AMERICAN SOYBEAN ASSN OPPOSES ADDITIONAL STUDIES ON 2,4-D RESISTANT CROPS
American Soybean Association (ASA) reports:
The American Soybean Association (ASA) submitted comments this week in response to the May announcement from the U.S. Department of Agriculture (USDA) Animal and Plant Health Inspection Service (APHIS) that the agency would prepare additional Environmental Impact Statements (EISs) for soybeans and corn resistant to 2,4-dichlorophenoxyacetic acid (2,4-D), and soybeans and cotton resistant to dicamba.
ASA opposes the decision and argues that the studies would place an additional and unnecessary barrier between farmers and the tools they need to remain sustainable and competitive while feeding a growing global population.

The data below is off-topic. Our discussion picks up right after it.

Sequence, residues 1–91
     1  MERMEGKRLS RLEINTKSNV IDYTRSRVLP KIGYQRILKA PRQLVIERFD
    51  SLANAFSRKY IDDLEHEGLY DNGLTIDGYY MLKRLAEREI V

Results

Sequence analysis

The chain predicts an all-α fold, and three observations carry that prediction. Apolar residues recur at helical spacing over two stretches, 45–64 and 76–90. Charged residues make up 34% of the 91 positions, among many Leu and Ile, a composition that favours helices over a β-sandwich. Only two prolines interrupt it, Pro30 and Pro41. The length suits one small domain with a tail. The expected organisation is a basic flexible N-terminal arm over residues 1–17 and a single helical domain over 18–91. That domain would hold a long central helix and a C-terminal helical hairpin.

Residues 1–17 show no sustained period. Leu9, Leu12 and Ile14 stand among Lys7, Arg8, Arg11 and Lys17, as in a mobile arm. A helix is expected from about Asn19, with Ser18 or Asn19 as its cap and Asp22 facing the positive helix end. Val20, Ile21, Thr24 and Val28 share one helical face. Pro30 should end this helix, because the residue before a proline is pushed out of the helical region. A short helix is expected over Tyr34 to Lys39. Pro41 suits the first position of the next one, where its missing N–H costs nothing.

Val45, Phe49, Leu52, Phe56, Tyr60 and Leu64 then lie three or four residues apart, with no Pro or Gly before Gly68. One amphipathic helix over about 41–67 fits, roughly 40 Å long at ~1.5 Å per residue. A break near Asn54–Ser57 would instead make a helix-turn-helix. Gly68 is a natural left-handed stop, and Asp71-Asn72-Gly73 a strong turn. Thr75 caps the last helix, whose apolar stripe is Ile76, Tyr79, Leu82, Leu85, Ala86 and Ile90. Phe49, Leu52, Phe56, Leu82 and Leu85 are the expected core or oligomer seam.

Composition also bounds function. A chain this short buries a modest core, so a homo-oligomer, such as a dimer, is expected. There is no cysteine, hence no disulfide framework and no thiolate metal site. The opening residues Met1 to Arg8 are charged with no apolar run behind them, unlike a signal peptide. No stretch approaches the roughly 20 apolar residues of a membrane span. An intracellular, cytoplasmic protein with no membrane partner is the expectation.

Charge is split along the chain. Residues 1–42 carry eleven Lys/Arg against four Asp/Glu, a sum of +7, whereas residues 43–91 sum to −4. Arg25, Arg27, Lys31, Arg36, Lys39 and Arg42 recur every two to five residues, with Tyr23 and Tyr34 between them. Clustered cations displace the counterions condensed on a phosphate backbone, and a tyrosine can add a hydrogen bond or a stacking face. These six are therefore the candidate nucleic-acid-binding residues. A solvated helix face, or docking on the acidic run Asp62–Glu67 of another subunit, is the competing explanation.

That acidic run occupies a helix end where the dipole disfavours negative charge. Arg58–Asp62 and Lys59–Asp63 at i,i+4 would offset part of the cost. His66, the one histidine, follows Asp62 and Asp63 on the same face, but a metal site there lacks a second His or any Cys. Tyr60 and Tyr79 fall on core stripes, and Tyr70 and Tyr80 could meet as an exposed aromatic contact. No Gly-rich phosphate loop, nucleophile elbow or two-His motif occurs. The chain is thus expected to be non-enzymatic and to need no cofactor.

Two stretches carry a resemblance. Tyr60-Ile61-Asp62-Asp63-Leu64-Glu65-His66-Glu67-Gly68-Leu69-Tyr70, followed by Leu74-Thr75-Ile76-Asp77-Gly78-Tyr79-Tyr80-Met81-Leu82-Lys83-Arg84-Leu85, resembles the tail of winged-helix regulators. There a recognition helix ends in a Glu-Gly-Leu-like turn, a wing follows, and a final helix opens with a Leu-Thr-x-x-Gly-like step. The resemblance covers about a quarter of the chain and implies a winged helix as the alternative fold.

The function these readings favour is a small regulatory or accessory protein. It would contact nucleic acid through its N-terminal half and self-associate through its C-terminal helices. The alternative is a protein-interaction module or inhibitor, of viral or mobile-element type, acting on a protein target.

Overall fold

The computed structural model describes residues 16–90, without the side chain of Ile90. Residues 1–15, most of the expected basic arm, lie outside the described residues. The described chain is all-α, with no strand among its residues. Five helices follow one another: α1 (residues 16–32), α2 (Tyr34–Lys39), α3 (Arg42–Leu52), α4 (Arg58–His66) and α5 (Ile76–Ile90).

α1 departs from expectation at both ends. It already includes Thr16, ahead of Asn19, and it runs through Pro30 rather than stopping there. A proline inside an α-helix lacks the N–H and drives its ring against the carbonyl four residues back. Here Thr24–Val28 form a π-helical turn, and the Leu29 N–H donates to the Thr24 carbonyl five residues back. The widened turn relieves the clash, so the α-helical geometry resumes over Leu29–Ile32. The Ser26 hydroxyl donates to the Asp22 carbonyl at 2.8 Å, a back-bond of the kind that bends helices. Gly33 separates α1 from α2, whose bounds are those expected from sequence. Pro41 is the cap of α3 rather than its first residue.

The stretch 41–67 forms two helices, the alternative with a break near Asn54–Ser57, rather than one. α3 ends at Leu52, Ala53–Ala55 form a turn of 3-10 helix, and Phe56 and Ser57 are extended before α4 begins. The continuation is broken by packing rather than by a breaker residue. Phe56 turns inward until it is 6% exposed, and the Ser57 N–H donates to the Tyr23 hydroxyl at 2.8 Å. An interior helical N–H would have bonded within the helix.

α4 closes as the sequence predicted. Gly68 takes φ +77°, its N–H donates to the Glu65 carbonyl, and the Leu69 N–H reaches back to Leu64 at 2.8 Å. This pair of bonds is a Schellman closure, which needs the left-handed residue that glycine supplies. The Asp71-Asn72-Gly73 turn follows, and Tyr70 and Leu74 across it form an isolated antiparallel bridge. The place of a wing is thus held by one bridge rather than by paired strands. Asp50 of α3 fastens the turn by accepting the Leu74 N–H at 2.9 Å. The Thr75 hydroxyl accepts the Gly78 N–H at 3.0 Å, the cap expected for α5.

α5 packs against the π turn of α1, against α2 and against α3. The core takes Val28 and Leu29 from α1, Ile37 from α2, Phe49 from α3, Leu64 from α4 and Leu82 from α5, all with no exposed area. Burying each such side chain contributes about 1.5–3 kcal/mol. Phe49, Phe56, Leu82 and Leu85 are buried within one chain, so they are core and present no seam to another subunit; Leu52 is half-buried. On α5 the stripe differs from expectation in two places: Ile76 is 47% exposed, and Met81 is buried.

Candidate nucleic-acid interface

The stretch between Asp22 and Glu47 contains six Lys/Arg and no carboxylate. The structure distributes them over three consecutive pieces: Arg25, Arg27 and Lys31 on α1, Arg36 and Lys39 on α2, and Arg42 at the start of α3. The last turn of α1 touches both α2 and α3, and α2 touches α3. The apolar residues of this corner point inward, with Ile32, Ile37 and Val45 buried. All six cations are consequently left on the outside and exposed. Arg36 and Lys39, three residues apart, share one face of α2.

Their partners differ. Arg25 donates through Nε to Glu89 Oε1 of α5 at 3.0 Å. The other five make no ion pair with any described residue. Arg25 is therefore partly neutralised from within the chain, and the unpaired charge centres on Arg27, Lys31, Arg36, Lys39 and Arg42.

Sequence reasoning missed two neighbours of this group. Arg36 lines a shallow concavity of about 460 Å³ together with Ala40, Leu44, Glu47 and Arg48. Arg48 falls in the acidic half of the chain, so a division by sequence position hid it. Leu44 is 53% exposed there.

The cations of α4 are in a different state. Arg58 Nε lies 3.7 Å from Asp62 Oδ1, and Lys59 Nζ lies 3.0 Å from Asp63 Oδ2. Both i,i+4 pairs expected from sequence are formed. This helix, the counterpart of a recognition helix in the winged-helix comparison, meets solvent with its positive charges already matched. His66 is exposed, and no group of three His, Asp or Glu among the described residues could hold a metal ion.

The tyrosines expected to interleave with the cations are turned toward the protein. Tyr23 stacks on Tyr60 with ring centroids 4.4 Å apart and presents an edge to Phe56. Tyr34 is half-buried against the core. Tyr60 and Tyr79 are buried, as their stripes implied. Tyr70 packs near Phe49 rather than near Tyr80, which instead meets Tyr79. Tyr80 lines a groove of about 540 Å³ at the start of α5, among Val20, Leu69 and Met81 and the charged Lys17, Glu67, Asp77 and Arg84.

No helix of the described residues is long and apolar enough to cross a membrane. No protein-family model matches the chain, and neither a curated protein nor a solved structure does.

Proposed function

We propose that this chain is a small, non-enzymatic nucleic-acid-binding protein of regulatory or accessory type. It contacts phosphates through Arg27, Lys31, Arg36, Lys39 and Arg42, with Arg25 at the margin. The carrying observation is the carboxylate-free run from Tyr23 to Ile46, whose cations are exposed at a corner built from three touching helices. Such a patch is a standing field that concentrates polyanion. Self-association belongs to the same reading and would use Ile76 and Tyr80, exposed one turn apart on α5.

“ASA strongly supports biotechnology and believes the development of biotechnology-enhanced soybean varieties and products can benefit farmers, consumers, and the environment,” wrote ASA in its comments.
“[S]oybean growers strongly support the development of new varieties that allow them to farm more sustainably and profitably. Biotechnology has allowed plant breeders to develop soybeans that are tolerant to herbicides, thus allowing soybean farmers to better control weeds and implement no-till and conservation tillage practices that save fuel, reduce erosion, and protect the environment.
“Biotechnology also has allowed plant breeders to increase the yield potential of soybeans, benefiting both producers and consumers. Biotech soybeans have been grown safely since 1996, and in the 2012 crop year, approximately 94 percent of the soybeans planted in the United States were biotechnology-derived.”